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Pledge to disclose all allegations in Sean Price investigation
IN the wake of the sacking of a North-East chief constable more damaging revelations are expected to be disclosed next week.
The behaviour of Sean Price, who is the first chief constable to be sacked since 1977, was branded “shameful”
in a hard-hitting conclusion to the independent investigation into his conduct at Cleveland Police.
He was dismissed without notice after being found guilty of two charges of gross misconduct following an eight-day independent disciplinary hearing over allegations relating to the recruitment of the daughter of the former chairman of Cleveland Police Authority, Dave McLuckie.
Yesterday, the current chairman of the police authority vowed to release as much detail of the investigation carried out by the Independent Police Complaints Commission (IPCC), as he is legally allowed to do to show the full impact of Mr Price’s behaviour.
Stuart Drummond told a news conference at police headquarters in Middlesbrough he also hopes to give details of 18 misconduct allegations that Mr Price was due to face, but which will not be subject to disciplinary proceedings as he is no longer a serving officer.
He said: “There is a huge sense of relief that the hearing has ended and the verdict has been reached because it has been very frustrating to hear claims being made that we were unable to respond to.
“I intend to get the contents of the verdict made available to the public as soon as possible because people deserve to know what has been going on.”
The 55-year-old chief constable, who had been suspended on full pay since last August, has always maintained his innocence and tried and failed to secure a judicial review at the High Court in London to stop the hearing going ahead.
However, the independent panel, sitting in Northallerton, rejected his explanations.
The hearing found it proven that Mr Price had asked a member of staff to inquire about a job for an individual, had denied doing so when investigated by the IPCC and had then directed the member of staff to lie to the IPCC about the matter in an attempt to mislead the investigation.
The panel decided the proven matters individually and collectively amounted to gross misconduct and recommended to Cleveland Police Authority that Mr Price be dismissed with immediate effect.
Mr Drummond added: “The two counts that have been found against Sean Price relate around dishonesty and as a police officer that has got to be sacrosanct.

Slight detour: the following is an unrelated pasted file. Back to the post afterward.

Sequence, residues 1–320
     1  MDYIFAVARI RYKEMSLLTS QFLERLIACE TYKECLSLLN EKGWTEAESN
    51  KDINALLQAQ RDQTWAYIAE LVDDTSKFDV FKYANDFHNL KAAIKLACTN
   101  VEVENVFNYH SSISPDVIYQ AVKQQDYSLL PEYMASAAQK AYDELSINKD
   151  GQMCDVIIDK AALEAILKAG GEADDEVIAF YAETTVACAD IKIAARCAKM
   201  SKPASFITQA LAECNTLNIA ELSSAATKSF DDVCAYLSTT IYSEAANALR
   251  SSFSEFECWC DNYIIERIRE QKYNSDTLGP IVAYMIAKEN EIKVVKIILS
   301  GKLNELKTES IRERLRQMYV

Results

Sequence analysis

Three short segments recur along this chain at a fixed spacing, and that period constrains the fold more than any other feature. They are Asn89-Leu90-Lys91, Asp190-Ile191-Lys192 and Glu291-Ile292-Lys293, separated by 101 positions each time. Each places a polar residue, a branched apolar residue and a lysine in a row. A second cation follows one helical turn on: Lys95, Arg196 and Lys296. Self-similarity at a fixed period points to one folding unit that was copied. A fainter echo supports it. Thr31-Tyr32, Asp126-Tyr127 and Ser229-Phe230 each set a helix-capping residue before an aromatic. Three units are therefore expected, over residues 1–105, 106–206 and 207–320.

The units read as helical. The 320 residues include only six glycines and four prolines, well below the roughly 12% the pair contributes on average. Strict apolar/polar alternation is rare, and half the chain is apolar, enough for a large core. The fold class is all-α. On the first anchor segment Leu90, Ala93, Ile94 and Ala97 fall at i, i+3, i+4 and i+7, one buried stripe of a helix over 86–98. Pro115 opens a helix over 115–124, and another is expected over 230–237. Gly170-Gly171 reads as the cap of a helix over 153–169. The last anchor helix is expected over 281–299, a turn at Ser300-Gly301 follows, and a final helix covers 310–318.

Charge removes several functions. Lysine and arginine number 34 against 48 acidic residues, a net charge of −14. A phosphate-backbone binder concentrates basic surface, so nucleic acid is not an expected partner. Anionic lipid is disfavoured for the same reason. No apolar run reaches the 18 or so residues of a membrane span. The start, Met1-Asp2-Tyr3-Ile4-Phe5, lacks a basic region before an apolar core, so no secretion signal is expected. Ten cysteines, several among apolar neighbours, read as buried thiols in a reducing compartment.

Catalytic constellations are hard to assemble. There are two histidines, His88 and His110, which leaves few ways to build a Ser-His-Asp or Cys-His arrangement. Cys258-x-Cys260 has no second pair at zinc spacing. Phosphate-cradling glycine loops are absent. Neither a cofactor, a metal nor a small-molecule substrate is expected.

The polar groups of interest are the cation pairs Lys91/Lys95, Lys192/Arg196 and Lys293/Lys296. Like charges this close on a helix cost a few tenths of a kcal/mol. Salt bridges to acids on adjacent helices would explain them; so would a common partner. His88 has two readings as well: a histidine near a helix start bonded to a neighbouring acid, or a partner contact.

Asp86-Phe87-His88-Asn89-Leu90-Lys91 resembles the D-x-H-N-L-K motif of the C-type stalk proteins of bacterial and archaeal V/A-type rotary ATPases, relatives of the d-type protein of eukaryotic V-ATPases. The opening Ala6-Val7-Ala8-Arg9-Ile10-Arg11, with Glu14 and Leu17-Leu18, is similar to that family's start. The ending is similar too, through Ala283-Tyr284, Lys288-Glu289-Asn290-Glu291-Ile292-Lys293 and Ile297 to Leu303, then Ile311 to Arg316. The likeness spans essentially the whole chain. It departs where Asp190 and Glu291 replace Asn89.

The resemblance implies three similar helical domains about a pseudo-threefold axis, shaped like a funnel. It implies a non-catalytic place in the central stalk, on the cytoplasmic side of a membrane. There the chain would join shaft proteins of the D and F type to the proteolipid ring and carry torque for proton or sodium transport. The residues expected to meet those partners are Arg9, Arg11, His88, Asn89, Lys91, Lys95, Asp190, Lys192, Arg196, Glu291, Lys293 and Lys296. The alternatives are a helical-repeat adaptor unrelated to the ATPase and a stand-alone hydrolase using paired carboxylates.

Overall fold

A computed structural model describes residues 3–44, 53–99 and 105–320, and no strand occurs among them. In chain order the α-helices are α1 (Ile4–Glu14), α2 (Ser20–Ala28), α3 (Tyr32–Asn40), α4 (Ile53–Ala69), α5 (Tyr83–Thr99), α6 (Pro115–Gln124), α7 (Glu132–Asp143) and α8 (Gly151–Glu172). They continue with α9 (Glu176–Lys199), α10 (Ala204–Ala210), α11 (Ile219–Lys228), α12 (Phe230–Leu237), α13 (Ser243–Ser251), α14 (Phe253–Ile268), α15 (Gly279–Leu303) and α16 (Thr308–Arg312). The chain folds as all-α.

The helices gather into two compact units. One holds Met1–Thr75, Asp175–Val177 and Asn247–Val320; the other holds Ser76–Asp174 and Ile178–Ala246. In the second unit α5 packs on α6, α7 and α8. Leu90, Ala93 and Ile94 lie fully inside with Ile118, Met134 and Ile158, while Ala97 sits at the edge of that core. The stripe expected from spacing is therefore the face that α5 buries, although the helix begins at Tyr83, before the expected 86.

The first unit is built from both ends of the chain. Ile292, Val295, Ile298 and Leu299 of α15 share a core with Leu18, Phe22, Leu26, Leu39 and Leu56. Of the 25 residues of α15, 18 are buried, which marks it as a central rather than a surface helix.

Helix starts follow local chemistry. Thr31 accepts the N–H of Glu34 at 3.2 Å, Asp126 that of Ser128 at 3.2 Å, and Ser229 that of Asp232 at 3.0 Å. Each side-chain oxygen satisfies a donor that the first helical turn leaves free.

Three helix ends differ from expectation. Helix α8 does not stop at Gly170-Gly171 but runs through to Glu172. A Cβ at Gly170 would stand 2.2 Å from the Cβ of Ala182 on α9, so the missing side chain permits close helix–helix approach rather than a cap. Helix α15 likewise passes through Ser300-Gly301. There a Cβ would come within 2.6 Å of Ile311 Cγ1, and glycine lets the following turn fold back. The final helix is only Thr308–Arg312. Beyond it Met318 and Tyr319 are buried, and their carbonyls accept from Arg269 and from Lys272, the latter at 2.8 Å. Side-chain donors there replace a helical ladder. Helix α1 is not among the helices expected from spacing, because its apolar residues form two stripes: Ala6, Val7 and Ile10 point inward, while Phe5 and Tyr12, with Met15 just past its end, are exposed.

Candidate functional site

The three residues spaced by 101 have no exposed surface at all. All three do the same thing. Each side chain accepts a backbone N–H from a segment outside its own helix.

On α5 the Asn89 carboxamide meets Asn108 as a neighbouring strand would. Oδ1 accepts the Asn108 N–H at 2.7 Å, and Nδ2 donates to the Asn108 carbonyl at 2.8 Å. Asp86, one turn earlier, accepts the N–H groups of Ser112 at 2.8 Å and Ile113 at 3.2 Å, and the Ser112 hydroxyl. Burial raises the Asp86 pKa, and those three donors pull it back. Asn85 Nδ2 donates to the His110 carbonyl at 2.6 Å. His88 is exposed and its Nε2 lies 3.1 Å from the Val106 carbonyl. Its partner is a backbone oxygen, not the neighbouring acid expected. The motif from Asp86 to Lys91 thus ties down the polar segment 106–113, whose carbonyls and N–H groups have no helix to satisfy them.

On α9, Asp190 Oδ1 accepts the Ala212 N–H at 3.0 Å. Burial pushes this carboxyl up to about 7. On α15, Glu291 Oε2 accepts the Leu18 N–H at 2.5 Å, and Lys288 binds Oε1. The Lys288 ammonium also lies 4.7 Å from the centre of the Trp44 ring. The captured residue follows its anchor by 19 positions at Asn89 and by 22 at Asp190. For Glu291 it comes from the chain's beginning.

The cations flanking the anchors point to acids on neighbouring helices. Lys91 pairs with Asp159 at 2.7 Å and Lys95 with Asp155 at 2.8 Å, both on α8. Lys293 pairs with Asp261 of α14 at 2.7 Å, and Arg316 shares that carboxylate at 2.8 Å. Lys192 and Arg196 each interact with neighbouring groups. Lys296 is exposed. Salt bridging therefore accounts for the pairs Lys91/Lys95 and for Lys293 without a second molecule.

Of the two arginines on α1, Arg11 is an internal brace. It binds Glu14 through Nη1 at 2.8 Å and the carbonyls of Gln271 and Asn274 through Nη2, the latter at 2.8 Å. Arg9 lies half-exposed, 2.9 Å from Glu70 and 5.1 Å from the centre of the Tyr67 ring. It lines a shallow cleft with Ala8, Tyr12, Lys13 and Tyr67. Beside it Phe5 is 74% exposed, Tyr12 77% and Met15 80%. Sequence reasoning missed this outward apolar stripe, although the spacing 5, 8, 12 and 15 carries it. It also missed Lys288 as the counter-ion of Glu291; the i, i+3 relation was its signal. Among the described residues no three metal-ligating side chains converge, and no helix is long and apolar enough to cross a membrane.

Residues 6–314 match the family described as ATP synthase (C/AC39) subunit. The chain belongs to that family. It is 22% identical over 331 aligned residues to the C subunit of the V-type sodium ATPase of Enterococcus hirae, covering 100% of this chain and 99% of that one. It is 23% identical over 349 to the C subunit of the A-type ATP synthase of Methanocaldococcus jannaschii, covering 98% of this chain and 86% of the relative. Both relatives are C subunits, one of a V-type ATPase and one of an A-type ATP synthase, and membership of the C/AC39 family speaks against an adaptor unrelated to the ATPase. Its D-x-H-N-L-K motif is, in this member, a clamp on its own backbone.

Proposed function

“As a member of the public, you need to have the utmost faith and trust in a police officer, so I am really disappointed.
Mr Price has let himself down, he has let Cleveland Police down and the people of Cleveland.”
Stuart Pudney, Cleveland Police Authority chief executive, said that because Mr Price had already served 30 years, he was still legally entitled to claim his pension.
“He will leave with his pension,”
he said. “There will be no additional payments made to him, but we are bound by legislation that entitles him to his pension.”
The police authority chairman was adamant that the details of the 18 other gross misconduct charges will be revealed to the public once all the paper work has been checked by lawyers.
Mr Drummond said: “Hopefully, we should be in a position to release the details of some of the other misconduct charges by the end of next week – I believe these should be out in the open for the public to see.
“I would ask people to reserve judgement on the disciplinary hearings until we are in a position to release all of the evidence against the former chief constable.”
Steve Matthews, chairman of Cleveland Police Federation, believes the outcome has tarnished the reputation of the entire force, not just Mr Price.
He said: “I’m disappointed that the chief constable, who is supposed to be a role model, has let down my members and the rank and file officers are all disappointed with what has happened. He has damaged the reputation of Cleveland Police.
“The public, quite rightly, expect a high level of honesty and integrity from the police.
He has held officers to account for their misdemeanours but it would appear that he has not practiced what he has preached.
“I hope that everything does come out about the disciplinary charges because it will mean we will be able to draw a line under it and move on.
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